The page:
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Hoffmann, R. A wiki for the life sciences where authorship matters. Nature Genetics (2008)

Regulation of keratin 19 gene expression by estrogen in human breast cancer cells and identification of the estrogen responsive gene region.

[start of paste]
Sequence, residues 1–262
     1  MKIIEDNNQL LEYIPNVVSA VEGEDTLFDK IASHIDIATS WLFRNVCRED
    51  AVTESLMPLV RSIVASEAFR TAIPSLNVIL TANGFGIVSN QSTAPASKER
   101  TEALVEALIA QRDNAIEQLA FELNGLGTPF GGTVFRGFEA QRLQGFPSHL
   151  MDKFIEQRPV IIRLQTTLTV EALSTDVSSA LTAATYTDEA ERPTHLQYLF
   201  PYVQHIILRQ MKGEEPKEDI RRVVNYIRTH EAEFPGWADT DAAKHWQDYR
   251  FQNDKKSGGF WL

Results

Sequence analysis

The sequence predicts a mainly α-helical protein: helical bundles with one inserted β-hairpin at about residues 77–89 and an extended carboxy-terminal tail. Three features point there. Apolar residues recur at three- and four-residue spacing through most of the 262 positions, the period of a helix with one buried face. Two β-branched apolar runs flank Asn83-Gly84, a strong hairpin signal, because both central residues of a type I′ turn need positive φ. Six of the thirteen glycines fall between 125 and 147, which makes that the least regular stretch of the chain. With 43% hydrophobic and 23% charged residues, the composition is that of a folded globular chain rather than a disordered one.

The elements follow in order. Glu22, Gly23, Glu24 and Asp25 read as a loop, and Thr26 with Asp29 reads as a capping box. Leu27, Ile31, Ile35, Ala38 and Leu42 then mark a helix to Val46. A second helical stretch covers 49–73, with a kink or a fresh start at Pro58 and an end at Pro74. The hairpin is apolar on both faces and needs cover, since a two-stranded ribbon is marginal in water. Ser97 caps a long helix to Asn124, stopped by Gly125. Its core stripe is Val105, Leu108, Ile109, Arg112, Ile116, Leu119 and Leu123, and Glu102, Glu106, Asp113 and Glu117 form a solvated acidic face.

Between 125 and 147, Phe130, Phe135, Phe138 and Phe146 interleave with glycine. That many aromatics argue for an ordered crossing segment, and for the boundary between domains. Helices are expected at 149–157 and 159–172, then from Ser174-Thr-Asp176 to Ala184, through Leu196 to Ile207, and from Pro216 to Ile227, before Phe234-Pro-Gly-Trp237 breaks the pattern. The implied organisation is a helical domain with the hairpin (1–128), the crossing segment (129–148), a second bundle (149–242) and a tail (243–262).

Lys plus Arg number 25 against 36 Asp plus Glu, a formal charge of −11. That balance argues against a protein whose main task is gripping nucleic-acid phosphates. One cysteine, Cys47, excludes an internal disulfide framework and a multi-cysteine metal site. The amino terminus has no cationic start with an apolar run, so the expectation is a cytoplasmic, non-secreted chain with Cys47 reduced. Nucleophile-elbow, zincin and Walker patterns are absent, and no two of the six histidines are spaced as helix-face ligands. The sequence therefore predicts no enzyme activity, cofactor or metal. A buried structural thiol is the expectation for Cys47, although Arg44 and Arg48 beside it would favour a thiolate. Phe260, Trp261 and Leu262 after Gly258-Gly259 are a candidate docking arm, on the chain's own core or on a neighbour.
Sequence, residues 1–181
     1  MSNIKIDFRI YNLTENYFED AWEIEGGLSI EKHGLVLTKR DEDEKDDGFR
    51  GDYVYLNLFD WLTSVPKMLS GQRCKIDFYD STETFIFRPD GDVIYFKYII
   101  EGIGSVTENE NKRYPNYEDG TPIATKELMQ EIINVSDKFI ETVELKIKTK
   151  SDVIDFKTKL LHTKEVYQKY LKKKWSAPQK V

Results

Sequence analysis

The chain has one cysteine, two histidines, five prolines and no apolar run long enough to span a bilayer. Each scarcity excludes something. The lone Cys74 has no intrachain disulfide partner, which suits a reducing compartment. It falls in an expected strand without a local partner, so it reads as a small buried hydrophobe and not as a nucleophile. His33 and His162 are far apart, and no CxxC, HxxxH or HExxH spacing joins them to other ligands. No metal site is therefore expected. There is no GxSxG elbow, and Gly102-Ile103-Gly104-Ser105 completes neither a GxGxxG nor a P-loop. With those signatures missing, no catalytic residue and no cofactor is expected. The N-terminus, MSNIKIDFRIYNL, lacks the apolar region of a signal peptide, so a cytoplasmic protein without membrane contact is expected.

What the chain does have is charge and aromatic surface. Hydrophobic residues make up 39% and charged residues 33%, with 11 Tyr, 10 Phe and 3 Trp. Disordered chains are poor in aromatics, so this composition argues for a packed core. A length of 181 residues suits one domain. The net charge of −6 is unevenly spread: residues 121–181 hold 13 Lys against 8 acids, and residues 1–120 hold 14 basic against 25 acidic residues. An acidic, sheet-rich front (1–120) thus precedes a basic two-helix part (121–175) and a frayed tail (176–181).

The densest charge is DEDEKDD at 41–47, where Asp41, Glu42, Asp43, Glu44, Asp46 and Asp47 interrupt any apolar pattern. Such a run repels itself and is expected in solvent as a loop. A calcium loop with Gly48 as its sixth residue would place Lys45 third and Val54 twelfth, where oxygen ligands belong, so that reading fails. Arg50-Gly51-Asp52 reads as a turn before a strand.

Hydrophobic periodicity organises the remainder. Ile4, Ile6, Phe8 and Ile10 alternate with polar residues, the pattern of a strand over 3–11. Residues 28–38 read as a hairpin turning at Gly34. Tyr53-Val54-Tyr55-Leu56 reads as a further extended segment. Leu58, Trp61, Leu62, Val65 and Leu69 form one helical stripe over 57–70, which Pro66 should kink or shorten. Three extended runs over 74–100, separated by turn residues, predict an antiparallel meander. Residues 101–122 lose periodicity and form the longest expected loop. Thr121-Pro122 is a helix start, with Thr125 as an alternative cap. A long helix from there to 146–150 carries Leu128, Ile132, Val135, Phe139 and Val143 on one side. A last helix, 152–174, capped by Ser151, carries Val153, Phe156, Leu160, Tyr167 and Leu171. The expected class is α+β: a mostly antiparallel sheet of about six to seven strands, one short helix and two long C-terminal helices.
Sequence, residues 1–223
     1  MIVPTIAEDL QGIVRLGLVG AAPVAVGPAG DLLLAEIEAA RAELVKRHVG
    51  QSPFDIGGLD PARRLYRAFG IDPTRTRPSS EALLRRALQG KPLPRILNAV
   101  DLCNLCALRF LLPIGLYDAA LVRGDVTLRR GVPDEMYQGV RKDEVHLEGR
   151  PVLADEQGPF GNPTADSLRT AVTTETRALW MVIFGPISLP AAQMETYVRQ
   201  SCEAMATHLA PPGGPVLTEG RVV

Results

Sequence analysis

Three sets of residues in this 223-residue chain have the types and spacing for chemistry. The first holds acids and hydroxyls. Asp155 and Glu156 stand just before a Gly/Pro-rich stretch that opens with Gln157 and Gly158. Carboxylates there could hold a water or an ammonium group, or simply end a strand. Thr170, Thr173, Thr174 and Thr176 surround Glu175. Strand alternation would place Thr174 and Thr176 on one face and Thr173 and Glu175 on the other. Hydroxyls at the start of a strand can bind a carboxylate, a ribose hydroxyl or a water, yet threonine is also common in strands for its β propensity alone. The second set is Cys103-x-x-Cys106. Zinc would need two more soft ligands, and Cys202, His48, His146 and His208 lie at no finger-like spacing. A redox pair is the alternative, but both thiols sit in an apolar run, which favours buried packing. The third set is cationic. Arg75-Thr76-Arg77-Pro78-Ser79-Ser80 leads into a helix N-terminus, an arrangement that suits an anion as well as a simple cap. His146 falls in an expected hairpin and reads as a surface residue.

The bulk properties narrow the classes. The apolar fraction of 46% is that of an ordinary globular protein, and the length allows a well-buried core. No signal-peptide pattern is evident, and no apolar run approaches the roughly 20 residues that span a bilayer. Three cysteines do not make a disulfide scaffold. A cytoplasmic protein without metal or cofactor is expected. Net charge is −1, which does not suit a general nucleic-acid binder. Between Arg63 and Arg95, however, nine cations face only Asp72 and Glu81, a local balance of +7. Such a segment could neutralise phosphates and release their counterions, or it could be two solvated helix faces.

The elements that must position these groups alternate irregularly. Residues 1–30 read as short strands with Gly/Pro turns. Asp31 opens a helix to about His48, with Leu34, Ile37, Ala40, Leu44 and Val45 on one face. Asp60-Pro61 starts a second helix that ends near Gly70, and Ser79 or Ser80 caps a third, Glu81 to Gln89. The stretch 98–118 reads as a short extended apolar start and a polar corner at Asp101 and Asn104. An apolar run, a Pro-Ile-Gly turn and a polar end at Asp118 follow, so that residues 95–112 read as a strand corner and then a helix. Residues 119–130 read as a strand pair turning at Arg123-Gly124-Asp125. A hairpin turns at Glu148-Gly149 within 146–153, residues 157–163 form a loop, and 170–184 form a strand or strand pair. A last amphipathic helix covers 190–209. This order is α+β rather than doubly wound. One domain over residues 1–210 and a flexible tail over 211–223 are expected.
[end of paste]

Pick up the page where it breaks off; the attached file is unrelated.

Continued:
Estrogens regulate the proliferation, cytoarchitectural, and invasive properties of estrogen receptor (ER)-containing breast cancer cells. To identify genes under direct regulation by estrogen in breast cancer cells, we have used representational difference analysis (RDA) of cDNAs. In this way, we have identified (cyto)keratin 19 ( K19), a major component of cell intermediate filaments, as being under rapid and direct regulation by estrogen in MCF-7 cells. Stimulation by estradiol (E2) of K19 mRNA is rapid, with maximal increase at 3 h, and is not blocked by cycloheximide, suggesting that it is a primary response to the hormone. Increased accumulation of K19 protein is observable by 8 h after E2 and levels continue to increase at 24-48 h after E2 treatment. Suppression of E2-induced K19 gene expression by the antiestrogen ICI 182,780 suggests that ER mediates this regulation. Analysis of the human K19 chromosomal gene, by transient transfection assays employing reporter gene constructs with the 5' and 3' flanking regions and portions of the body of the K19 gene, has resulted in identification of a complex enhancer region in the first intron. This enhancer region consists of a near-consensus estrogen response element ( K19 ERE, which differs by only 1 bp from the consensus ERE) and two ERE half sites, as well as two AP1-like sites. The results of transfections with either the K19 gene promoter or the heterologous thymidine kinase promoter and constructs containing mutated or deleted portions of the enhancer region show that the K19 ERE is responsible for the E2-dependent transactivation of the keratin 19 gene and for the synergism that is observed between E2 and TPA with both ER alpha and ER beta. These studies document ER regulation of the K19 gene, localize the estrogen responsive region, and suggest that up-regulation of keratin 19 gene expression by estrogen may contribute to the cytoskeletal and nuclear matrix reorganization, and increased metastatic potential of ER-containing breast cancer cells upon exposure to estrogens.[1]


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